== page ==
The benefits of the AR-style firearm are well recognized. The benefits of a short barrel are also obvious to anyone who has had to wield a gun in a tight area, or pack it in a backpack, or deploy it from a vehicle. Finally, the .308 cartridge has approximately double the foot pounds of energy over the 5.56 in comparable shortened barrels. So Springfield Armory decided to throw something into the SAINT line of ARs that is a little unusual: a short-barreled, SAINT Victor pistol in .308.
Springfield Armory SAINT Victor Pistol 308 DETAILS
The Springfield Hellcat started a big stretch for Springfield Armory, and it continues with the new SAINT Victor Pistol. It has a 10.3-inch Chrome Moly Vanadium barrel and measures 28.25 inches overall with the arm brace fully collapsed, and 30.5 inches fully extended. It has a Bravo Company Gunfighter Mod 3 pistol grip and an SB Tactical SBA3, five-position arm brace that fits on a mil-spec buffer tube. The stock has a Quick Detach socket that is accessible from both sides. Plus there is a second QD socket at the rear of the lower receiver, built into the end plate, sitting below the castle nut. The fore-end is an eight-sided, 10.5-inch free-float, M-LOK-compatible handguard with two notches of Picatinny at both ends, on top of the handguard. It comes with a small forward hand stop attached to the bottom of the handguard.
The forged aluminum lower receiver utilizes a standard DPMS/KA-style with a built-in, oversized trigger guard. The Springfield logo adorns the left side with “Springfield Armory Saint” on the right. Springfield etched both into the aluminum, not just laser engraved, and they look sharp. The Accu-Tite Tension system comes built into the lower. This utilizes a polymer-tipped screw, accessed under the pistol grip. It adjusts until there is the perfect amount of pressure between the upper and lower receiver to get rid of the notorious AR “rattle.”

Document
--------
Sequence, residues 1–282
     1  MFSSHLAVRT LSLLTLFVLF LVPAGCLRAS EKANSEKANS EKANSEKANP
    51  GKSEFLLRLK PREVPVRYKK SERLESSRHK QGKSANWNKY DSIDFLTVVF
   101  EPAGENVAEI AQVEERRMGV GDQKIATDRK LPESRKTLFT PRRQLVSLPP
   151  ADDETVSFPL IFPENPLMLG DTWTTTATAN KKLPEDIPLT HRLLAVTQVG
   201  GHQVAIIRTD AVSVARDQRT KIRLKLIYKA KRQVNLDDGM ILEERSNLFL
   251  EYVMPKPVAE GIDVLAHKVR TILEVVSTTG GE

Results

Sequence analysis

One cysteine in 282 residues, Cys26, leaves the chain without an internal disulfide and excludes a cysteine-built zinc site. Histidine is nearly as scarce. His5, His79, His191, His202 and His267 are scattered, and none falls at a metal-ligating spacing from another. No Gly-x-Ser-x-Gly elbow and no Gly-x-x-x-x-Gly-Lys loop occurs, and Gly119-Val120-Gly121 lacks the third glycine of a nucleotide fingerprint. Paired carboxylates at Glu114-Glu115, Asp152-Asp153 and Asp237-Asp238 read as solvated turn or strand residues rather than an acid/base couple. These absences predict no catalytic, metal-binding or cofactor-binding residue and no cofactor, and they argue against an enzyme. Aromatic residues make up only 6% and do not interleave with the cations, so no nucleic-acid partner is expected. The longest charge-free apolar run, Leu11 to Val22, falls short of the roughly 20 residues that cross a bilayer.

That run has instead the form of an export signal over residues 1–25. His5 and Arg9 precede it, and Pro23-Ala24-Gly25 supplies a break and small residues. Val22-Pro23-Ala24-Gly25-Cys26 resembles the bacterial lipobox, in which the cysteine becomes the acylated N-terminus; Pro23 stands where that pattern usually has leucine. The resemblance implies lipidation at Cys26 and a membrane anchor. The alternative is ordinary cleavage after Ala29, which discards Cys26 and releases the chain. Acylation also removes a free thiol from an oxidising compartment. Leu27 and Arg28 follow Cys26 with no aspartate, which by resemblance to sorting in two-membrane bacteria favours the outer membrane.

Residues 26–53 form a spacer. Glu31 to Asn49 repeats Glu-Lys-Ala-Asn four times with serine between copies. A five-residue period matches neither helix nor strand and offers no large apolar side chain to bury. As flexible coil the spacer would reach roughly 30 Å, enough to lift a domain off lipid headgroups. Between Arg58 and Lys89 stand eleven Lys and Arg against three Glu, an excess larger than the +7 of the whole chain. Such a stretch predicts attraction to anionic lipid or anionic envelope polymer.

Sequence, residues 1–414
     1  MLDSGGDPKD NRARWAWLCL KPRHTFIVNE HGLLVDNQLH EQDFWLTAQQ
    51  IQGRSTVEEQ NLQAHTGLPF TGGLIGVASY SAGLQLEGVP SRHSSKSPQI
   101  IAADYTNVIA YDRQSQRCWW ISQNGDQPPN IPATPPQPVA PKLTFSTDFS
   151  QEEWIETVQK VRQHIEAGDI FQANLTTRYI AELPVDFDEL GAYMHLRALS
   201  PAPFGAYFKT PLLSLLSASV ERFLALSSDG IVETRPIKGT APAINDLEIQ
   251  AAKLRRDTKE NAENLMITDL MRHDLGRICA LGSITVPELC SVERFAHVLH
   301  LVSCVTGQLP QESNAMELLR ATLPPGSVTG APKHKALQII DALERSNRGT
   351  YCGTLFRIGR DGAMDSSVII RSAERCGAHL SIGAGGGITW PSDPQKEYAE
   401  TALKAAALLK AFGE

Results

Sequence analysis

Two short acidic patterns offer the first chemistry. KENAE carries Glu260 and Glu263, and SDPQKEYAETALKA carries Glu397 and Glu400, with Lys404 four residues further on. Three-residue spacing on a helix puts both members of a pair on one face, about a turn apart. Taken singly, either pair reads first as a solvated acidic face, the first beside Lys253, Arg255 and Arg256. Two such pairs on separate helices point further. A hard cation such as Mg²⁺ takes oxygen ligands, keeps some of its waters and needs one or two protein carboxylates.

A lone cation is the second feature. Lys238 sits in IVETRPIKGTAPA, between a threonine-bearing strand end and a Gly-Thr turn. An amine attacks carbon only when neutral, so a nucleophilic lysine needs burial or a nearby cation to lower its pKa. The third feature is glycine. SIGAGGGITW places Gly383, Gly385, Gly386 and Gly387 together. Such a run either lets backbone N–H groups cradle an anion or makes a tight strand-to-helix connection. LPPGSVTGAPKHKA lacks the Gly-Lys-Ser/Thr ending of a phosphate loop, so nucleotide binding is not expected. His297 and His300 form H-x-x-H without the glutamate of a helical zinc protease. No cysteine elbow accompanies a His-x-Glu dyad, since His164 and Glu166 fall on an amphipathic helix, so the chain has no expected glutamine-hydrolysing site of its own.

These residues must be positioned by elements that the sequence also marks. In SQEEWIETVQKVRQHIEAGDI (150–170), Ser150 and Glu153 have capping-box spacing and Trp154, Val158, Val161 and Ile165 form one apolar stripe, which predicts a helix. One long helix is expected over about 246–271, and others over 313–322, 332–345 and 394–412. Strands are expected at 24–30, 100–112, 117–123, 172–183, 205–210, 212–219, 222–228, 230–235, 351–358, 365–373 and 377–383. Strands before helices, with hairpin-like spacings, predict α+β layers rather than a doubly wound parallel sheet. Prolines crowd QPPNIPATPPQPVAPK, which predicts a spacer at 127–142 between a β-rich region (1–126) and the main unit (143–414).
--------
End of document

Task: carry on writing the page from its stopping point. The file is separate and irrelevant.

Springfield lists the trigger as a ho-hum mil spec trigger, but it is quite a bit more. First, it uses a straight, flat-face trigger that I love. Second, the trigger parts feature Nickel Boron coating. This has to be the best mil-spec trigger I have ever used. There is only a slight bit of creep and no grit. The reset is normal, but can be easily felt and heard. Normally I tell people to toss out their mil-spec trigger and upgrade to something better. Not in this case. This is a 10-inch workhorse, not a precision, target rifle. You will not notice any loss of accuracy due to the trigger.
Beefy Bolt & More
The bolt carrier group is beefy because it is a .308. Springfield makes its bolt from 9310 steel. Carpenter 158 is the mil-spec steel used for standard AR bolts, but 9310 is better. It is a little stronger, and these are magnetic particle inspected to make sure the steel is consistent. They are also high-pressure tested, and the bolt carrier group is Melonite coated for built-in lubricity. Melonite is harder and more corrosion resistant than chrome. Springfield also uses the Eugene Stoner-style of firing pin retaining pin instead of the usual cotter pin style. I don’t know if the Stoner-style pin is stronger, but it looks like it.